How many everyday Japanese icons can you find on a neighbourhood stroll?

From Ring Fit Adventure through to Pokémon GO, there are a range of video games designed to get us off the couch and moving, but now we’ve found a game that not only keeps us active, but gives our eyes some time away from the screen as well.

Called “Osanpo Bingo”, which translates to “Walk Bingo” or “Stroll Bingo”, this clever product is a bingo game that’s designed to be played while going for a stroll. There are seven types to choose from, with themes like “Town”, “Beach” and “Aquarium” to match your environment, and as they’re perfect for solo players, our Japanese-language reporter Ninoude Punico decided to test one out on a walk, opting for the “Field Guide” collection, which seemed best suited to her urban surroundings.

▼ The Bingo card comes with a total of 25 beautifully illustrated tabs, which need to be pulled down when you spot the corresponding image in the real-world.

Punico had never played bingo with her feet before, so she put on her comfiest walking shoes and headed out to complete at least one row on her card, pulling down the middle tab to start. Some of the images, like “convenience store” and “post box” would no doubt be easy to find, but there were a couple that would be more challenging, like “kindness” (top left) and “pair look” (a couple in matching outfits).

▼ Interestingly, the second tab from the right in the top line is for “kinpatsu” (“blonde hair”)

As she began her game of bingo, Punico felt a little self-conscious holding a piece of cardboard in front of her instead of a smartphone, but she quickly put her inhibitions to one side when she made her first discoveries: a clock and a pink flower.

On a typical day, Punico would’ve walked past these things without giving them a second thought, but today she was extra grateful for their existence. Then, she spotted two other bingo items: a salaryman and a couple in matching outfits, which she thought would’ve been one of the more difficult things to find.

Being in a busy thoroughfare definitely helped when it came to finding these two, and she was grateful to have been in the right place at the right time for the rare “pair look” sighting. She’d already completed four tabs in 30 minutes, all the time noticing the environment around her, looking up at the sky for “vapour trails” (middle, bottom row) and down at the ground for “ant trails” (right, second-to-bottom row).

▼ Punico couldn’t remember the last time her eyes had been so busy scanning the environment around her.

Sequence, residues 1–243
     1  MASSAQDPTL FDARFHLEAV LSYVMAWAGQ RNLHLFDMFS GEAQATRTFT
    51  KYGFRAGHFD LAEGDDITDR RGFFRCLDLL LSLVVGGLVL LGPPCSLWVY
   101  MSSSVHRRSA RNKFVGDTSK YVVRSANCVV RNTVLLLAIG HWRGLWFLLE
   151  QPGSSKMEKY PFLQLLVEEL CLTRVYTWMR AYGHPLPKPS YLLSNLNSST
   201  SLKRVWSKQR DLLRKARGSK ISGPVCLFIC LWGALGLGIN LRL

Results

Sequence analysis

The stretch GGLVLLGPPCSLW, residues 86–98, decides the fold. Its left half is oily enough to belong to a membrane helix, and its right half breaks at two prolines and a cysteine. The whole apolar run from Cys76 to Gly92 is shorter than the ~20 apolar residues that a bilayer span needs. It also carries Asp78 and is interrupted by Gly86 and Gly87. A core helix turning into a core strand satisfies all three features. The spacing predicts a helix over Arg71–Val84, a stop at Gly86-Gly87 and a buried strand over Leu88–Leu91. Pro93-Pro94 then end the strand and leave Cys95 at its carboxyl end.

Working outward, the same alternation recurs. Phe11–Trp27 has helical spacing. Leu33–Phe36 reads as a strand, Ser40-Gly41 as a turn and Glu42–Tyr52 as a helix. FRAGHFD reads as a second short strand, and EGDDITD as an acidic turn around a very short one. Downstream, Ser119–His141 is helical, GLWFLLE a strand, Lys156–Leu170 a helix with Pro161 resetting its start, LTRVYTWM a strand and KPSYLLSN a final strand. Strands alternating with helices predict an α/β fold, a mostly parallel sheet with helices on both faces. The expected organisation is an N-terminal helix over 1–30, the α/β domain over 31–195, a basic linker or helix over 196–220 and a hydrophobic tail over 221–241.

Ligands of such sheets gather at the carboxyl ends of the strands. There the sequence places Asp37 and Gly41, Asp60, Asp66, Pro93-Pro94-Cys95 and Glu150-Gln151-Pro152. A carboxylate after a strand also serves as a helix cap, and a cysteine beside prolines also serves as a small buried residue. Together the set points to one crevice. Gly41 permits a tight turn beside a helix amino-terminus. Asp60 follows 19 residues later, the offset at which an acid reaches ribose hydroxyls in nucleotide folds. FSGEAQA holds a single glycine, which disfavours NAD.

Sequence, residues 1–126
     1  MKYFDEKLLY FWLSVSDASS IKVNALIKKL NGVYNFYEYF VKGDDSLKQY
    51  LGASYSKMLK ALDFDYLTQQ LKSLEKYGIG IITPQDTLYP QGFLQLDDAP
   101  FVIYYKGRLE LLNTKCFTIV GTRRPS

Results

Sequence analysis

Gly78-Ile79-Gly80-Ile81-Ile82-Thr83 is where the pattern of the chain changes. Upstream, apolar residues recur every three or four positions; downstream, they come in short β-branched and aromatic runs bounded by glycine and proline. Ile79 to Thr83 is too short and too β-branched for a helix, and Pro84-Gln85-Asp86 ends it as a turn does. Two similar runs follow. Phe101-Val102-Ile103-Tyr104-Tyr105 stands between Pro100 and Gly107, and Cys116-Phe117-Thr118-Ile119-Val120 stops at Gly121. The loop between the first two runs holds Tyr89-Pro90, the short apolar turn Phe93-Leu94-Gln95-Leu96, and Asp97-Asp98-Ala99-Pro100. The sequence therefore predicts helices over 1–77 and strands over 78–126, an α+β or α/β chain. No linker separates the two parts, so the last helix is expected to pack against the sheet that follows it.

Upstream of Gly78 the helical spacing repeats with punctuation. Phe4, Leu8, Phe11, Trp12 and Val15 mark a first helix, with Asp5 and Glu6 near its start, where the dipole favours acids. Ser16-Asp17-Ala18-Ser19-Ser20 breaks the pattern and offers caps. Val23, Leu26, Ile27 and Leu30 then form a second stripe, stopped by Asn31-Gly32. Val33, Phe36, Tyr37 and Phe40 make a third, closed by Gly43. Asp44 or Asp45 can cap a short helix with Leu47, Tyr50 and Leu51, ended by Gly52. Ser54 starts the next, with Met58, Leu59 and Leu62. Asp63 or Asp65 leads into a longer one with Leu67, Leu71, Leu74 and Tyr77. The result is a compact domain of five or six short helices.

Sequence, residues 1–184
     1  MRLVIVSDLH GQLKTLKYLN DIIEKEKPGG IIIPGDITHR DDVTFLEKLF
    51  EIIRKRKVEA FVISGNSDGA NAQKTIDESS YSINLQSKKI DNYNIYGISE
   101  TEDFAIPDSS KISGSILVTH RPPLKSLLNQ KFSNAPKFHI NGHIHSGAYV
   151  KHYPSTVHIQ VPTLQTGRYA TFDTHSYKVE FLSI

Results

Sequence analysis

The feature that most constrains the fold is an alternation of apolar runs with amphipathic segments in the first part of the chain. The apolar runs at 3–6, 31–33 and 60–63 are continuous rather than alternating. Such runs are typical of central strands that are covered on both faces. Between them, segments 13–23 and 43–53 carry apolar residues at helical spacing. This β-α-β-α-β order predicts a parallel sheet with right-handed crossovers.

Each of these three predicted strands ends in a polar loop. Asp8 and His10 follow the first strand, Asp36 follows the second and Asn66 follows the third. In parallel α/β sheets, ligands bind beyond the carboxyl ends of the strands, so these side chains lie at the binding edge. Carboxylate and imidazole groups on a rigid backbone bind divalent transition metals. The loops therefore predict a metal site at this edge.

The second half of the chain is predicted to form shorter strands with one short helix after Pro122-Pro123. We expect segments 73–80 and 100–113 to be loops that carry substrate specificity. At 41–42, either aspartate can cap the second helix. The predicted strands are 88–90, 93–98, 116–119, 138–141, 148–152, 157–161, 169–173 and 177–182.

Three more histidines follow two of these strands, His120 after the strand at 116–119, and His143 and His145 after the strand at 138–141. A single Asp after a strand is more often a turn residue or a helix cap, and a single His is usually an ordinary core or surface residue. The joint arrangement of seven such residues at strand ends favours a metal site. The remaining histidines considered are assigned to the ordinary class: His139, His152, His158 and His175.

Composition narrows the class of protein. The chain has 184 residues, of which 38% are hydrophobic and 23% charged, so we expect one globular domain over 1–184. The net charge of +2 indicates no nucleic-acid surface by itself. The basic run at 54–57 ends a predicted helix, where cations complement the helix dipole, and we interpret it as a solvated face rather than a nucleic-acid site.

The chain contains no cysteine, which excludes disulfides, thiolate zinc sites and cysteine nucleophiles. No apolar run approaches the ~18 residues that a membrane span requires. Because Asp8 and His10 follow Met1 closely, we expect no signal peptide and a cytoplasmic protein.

Keen to continue her game of bingo, Punico began to feel like she was on a hunt rather than a stroll, and her sense of excitement and adventure grew with every step. It didn’t take her long to come across four more things on her card: a postbox, a convenience store, an overhead walkway, and a pigeon.

The one discovery she was most pleased with, though, was this “dokonjou bana”, the term used to describe flowers growing in a gritty, tough place like cement.

Although it took her some time, Punico was finally at the stage where she had one more box to go in order to clear a straight line on her card. However, the required item — a spiderweb — was proving hard to find.

She searched high and low around buildings and flower beds, scanning the nooks and crannies for the spindly threads of a spider. After an hour-and-a-half of searching, the sun was about to set and Punico was about to give up on her game of bingo when she stumbled upon…a fence with a spider web!

It wasn’t as large and perfectly formed as the spider web illustrated on the card, but it was still a spider web nonetheless, and that meant Punico was able to press through the cardboard with a satisfied, triumphant grin.

She gave thanks to the spider that had set up its web on the street, and held in her desire to shout “bingo!” to the sky and all those around her. There would be no prizes or high-fives from others in this game of bingo but the sense of accomplishment she felt was reward enough for her efforts.

As she walked home, the evening seemed a little brighter than usual, and the streets looked surprisingly friendly and familiar. That’s probably because she’d just spent around four hours exploring every detail they had to offer, and her adventure had taken her down streets and roads she’d never ventured down before.

Priced at 550 yen (US$5) for a  pack of four, Osanpo Bingo can be purchased online from big sites like Rakuten and Amazon, and it’s a great game to play with friends, children, or even on your own. Not only is it a fun way to motivate you to get active and explore the great outdoors, it keeps you away from your phone screen for hours, and allows you to see your surroundings in a whole new light.

Punico was so impressed with the game, she’s stashed the other cards in her bag for her next outdoor adventure. Because with so many hidden treasures to be found on the streets of Japan, it’s always worth going for a stroll!

Photos © SoraNews24
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